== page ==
This Week at War: The Silence

The Stream's weekly look at the sacrifices of U.S. troops and military families around the globe.

By Tom Sileo Published on August 10, 2018


A U.S. service member was wounded in an August 5 attack that killed three Czech soldiers and wounded two members of the Afghan army in the war-torn country’s Parwan province.

“My thoughts and prayers, along with those of all of the 41-contributing Resolute Support nations, are with the families and friends of our fallen and wounded service members, and our injured Afghan brothers and their families,” said U.S. Army Gen. John Nicholson, as quoted by The Associated Press. “Their sacrifice will endure in both our hearts and history, and further strengthen our resolve.”

We join in Gen. Nicholson in praying for these warriors and their families.

Also in eastern Afghanistan, the Taliban “suffered heavy losses” in heavy fighting this week in the Azrah district of Logar Province, according to Radio Free Europe. American fighter jets were called in to provide air support, but according to Afghanistan’s interior ministry, mistakenly struck an incorrect target.

Following an investigation, the U.S. military said “no Afghan security forces were killed” in the airstrike, according to the report.

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Despite persistent violence in Afghanistan, where two American heroes made the ultimate sacrifice last month, data shared on Tuesday by an associate professor at Yale University suggests that interest in the war is nearing its lowest point.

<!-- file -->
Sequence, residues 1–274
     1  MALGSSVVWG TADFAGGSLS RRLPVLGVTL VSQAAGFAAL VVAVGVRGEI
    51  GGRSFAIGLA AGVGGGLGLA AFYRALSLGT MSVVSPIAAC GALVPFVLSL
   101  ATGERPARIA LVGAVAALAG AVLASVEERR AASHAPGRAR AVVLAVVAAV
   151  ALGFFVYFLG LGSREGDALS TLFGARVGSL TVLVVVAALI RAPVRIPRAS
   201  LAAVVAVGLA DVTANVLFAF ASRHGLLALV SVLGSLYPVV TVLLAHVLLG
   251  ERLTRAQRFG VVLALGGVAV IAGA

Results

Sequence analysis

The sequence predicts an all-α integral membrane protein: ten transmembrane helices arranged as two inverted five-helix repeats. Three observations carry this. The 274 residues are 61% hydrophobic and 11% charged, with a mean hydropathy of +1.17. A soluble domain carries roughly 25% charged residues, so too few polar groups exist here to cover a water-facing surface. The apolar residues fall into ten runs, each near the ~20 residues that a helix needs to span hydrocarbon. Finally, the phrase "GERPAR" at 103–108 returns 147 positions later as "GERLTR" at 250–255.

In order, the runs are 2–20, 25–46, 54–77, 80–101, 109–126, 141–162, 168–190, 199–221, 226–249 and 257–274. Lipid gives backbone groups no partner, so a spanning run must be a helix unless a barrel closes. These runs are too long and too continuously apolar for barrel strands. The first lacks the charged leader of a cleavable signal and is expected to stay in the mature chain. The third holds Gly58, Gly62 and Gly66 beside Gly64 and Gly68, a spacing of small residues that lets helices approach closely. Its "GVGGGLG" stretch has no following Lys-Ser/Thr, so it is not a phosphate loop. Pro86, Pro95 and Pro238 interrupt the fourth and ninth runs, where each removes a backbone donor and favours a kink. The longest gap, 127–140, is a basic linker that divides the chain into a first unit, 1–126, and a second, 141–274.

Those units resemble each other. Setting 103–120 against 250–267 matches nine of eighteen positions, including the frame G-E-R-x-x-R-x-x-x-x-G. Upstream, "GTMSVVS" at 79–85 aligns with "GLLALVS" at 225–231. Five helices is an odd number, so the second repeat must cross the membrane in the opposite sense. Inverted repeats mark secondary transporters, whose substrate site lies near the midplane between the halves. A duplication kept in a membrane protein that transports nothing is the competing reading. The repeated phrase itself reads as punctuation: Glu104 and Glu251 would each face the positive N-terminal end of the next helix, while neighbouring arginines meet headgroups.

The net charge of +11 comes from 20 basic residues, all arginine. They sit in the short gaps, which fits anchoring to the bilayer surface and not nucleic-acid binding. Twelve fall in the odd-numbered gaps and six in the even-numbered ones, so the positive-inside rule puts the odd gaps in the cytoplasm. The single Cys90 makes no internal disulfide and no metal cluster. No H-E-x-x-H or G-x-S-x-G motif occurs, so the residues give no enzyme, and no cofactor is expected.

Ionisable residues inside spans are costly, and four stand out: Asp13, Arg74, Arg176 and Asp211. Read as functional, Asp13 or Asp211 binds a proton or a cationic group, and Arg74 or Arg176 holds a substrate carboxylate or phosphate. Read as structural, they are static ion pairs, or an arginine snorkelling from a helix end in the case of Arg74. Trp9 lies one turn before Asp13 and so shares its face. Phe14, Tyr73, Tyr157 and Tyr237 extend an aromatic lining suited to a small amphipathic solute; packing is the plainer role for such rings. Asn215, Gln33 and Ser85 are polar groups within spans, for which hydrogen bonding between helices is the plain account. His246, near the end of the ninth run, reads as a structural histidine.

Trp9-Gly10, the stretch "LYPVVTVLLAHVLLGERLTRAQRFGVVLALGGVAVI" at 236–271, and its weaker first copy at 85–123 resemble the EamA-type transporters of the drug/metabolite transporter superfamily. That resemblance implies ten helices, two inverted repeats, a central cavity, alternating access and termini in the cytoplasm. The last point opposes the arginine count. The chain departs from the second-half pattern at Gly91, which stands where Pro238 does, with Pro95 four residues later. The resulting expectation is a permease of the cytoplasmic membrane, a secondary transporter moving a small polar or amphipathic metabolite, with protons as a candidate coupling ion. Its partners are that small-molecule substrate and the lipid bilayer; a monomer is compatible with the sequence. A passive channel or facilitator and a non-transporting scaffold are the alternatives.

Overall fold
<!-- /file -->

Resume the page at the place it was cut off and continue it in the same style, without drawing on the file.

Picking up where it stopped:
With the war’s 17th anniversary fast approaching, politicians and journalists – including me – must do a better job of reminding the public that 14,000 fellow Americans are still serving and sacrificing every single day in Afghanistan. The relative silence about the longest conflict in our nation’s history is unacceptable.


More shameful silence. As experts work to identify the remains of 55 Korean War heroes, some in the national media apparently didn’t think their solemn return to American soil was a big story.

Whether driven by politics or ratings (or both), virtually ignoring this historic ceremony was unacceptable. As a former television news producer, I would be ashamed if my newscast’s rundown did not include a momentous event that many Korean war veterans and families of the fallen had been waiting 65 years to witness.

Coming Home

After six months away from home, a group of Marines returned to North Carolina’s Camp Lejeune.

Marine Comes Home

A U.S. Marine embraces his father upon returning home from a six-month deployment at sea to the U.S. Central, Africa and European Command areas of operation on August 4, 2018, at Camp Lejeune in North Carolina.

Welcome home, heroes!


Tom Sileo is a contributing senior editor of The Stream. He is co-author of three books about military heroes: 8 Seconds of CourageBrothers Forever and Fire in My Eyes. Follow Tom on Twitter @TSileo.

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